SEQUIM –– Consumption will factor more into the bills of city water users if a new rate structure is approved by the Sequim City Council.
Public Works Director Paul Haines presented the council last week with a revamped structure for water rates that would lower the base consumption rate from 800 cubic feet of water per month to 600 cubic feet.
Additional consumption charges would be applied to those who use between 600 to 1,600 cubic feet.
Those who use more than 1,600 cubic feet would pay an additional 25 percent per cubic foot.
“Our thought in lowering that is to make rates more conservation sensitive and to give our customers more control over how much they want their bill to be,” Haines said.
A public hearing on the proposed rate structure, followed by consideration of approval, is scheduled for the next city council meeting at 6 p.m. Oct. 13 at the Sequim Transit Center, 190 W. Cedar St.
The council had raised water and sewer rates by 4 percent for all users in the 2014 budget.
The base rate for water service for a single-family home rose from $22.22 per month to $23.11 per month.
The base rate for sewer service rose from $58.42 per month to $60.76 per month.
City officials studied water rates over the past year with the goal of making rates more equitable and to encourage water conservation.
The city currently has 69 customers who use more than 1,600 gallons per month, Haines said.
Another 190 customers would be paying higher rates under the plan because they use more than 600 gallons per month and less than 800 gallons.
“Hopefully, they can reduce their use and realize those savings,” Haines said.
The plan calls for changes to the rate structure to be phased in over the next four years.
A study by Peninsula Financial Consulting last year said the city needed 4 percent annual revenue increases in each of the water and sewer funds through 2019 to fund capital improvements that will be needed in the next several years.
The new rate structure does add funding to both accounts, leaving an annual rate increase of 2.69 percent for water users over the next four years and 1.42 percent to sewer bills.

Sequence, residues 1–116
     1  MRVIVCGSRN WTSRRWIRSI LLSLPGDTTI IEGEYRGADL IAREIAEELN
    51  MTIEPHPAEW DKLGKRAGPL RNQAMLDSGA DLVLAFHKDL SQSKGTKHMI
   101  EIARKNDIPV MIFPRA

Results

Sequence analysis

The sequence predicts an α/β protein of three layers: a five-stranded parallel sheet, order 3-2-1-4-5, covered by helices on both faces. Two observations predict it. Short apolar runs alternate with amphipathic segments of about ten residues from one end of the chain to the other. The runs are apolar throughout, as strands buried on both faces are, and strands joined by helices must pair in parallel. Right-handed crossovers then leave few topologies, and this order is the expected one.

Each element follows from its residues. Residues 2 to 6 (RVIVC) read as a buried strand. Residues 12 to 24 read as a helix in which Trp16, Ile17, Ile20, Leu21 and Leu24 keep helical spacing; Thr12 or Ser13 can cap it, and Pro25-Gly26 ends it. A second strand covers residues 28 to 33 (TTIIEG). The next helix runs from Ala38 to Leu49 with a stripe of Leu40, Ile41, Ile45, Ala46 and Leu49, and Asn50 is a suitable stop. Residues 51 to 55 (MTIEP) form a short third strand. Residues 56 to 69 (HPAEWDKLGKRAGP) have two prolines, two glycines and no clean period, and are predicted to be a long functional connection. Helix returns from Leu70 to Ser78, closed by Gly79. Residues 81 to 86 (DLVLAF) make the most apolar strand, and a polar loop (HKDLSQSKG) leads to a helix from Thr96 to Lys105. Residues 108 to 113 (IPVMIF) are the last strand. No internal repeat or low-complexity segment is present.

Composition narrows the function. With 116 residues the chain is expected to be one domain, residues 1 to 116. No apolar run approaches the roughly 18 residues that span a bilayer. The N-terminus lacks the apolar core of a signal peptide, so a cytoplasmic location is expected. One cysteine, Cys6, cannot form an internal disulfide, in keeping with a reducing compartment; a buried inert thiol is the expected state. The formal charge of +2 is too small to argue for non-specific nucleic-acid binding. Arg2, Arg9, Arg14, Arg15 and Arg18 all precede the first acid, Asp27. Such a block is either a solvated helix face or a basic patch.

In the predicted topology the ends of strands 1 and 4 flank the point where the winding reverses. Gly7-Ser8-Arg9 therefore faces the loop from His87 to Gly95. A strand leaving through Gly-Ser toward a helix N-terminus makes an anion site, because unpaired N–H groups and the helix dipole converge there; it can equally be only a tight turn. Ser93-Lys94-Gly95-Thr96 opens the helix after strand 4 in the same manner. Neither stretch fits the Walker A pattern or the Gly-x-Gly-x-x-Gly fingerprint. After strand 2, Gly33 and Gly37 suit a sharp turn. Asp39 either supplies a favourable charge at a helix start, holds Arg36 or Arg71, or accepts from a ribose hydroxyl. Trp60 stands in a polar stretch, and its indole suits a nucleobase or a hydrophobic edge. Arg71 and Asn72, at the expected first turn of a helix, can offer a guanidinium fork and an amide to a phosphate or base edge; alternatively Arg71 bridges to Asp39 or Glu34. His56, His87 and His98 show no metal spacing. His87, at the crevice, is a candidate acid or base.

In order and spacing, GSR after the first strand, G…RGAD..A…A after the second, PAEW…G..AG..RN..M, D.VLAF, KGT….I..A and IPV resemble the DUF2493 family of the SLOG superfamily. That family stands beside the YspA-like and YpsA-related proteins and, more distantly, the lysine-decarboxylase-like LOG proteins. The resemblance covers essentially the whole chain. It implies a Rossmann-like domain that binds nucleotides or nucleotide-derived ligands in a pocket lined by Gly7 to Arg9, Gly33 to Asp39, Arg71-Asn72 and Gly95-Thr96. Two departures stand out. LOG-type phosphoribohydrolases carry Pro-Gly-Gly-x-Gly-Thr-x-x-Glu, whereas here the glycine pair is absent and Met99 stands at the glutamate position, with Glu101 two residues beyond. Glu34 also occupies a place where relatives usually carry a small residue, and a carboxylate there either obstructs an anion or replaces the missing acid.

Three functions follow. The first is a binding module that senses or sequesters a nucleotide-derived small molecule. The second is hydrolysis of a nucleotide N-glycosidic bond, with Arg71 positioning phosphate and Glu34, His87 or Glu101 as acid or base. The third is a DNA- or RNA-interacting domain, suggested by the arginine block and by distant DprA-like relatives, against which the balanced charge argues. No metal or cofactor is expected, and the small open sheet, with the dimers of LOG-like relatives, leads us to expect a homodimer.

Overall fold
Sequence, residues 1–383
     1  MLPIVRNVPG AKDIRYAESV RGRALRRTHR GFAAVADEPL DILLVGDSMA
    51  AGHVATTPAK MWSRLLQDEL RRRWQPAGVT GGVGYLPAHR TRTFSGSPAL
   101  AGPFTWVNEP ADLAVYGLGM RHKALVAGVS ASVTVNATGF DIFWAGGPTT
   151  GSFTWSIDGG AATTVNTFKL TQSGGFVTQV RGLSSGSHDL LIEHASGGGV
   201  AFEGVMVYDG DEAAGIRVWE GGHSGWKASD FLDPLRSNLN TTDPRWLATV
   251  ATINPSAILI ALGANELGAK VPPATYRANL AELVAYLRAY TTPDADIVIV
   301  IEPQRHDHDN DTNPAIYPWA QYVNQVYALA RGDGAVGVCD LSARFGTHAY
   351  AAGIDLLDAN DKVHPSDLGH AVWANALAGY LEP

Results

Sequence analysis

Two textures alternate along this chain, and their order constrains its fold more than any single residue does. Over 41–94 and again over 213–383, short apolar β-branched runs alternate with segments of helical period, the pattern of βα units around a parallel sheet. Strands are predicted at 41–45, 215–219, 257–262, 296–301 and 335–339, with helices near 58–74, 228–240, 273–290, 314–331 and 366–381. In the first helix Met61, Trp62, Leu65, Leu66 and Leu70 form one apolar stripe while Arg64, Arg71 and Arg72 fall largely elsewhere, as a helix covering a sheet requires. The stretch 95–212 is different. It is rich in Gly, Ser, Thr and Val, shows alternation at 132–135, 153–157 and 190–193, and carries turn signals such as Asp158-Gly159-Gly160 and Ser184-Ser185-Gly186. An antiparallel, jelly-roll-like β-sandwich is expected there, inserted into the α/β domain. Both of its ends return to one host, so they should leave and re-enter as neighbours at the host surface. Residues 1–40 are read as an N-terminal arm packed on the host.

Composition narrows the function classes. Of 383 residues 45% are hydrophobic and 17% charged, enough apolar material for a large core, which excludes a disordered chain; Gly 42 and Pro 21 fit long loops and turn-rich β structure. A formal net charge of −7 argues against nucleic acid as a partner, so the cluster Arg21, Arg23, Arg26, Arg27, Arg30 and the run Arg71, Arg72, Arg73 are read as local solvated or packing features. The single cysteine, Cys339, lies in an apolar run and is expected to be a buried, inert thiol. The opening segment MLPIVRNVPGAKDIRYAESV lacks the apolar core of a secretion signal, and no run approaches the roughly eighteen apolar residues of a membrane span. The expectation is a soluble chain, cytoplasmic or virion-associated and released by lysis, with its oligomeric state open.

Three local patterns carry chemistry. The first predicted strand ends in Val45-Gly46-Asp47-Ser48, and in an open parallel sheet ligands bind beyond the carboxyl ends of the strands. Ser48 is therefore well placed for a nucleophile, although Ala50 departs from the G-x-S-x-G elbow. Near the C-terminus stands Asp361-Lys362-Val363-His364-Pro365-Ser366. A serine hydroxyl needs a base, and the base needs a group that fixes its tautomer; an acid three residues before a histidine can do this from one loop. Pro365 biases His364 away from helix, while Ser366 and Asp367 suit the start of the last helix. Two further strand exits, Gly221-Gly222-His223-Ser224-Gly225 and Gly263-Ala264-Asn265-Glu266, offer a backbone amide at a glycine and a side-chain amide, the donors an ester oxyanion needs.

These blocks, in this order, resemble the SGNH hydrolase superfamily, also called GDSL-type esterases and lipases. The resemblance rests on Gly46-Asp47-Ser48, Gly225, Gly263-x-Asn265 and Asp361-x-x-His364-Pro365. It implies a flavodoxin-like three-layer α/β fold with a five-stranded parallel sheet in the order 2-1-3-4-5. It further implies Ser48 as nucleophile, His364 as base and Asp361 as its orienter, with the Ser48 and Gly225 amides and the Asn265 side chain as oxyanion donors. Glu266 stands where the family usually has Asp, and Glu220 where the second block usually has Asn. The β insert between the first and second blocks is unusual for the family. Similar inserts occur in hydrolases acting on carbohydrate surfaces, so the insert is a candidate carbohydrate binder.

But those averages, Haines said, do not apply to every class of users.
Some would see higher increases while others might see their bills drop.
“A gallon of water is a gallon of water. What we’re trying to do here is make that charge unified across classifications,” Haines said.
Under the current rate structure, Sequim’s residential water users — in single homes or multi-family homes — account for 60 percent of the city’s total billings, though they use 54.2 percent of the city’s water.
Commercial users, irrigators and public facilities pay less for the water they use, accounting for 36.8 percent of billings and 40.2 percent of use.
Adult-care facilities carry an especially light load of the city’s water costs, Haines added, using 5.6 percent of the city’s water and paying 3.2 percent of the city’s bills.
The disparity is even greater in sewer billings, as residential users account for 74.5 percent of the city’s billings, though their estimated actual sewer use is 60.1 percent of the whole system.
Commercial, public and hotel/motel users account for just 22.2 percent of billings, though use is estimated at 31.5 percent of the system.
Adult-care facilities account for an estimated 8.4 percent of the sewer system’s use but just 3.4 percent of billings.
The new structure would reclassify adult-care facilities as multi-family developments like apartment complexes, which would lead to higher rates.
Those increases would be slowly phased in by 2018, Haines said.
Multi-family buildings would be charged 95 percent of single-family residential rates and hotels and motels would pay 75 percent of that.
“Why should they pay less?” Councilman Erik Erichsen asked during last Monday’s council meeting.
“You’re penalizing the people who own a home because they own a home.”
Haines, though, said multi-family buildings and hotels cost less to service because they have one hookup to maintain.
In a contrasting move, the Port Angeles City Council is considering a proposal to do away with its three-tier, consumption-based system with a flat rate charged to all water users to encourage, in part, more watering of flowers, gardens and lawns.
But Port Angeles uses only about 10 percent of its municipal water right, where Sequim may feel a pinch on its water supply within the next decade.
New water rights for the city’s supply is part of that list of pending capital improvements.
“We are more than a decade from reaching that critical point,” Haines said.
“But we need at least a decade to prepare for those kinds of changes.”
Sequim-Dungeness Valley Editor Joe Smillie can be reached at 360-681-2390, ext. 5052, or at firstname.lastname@example.org.Senior Reporter Paul Gottlieb contributed to this report.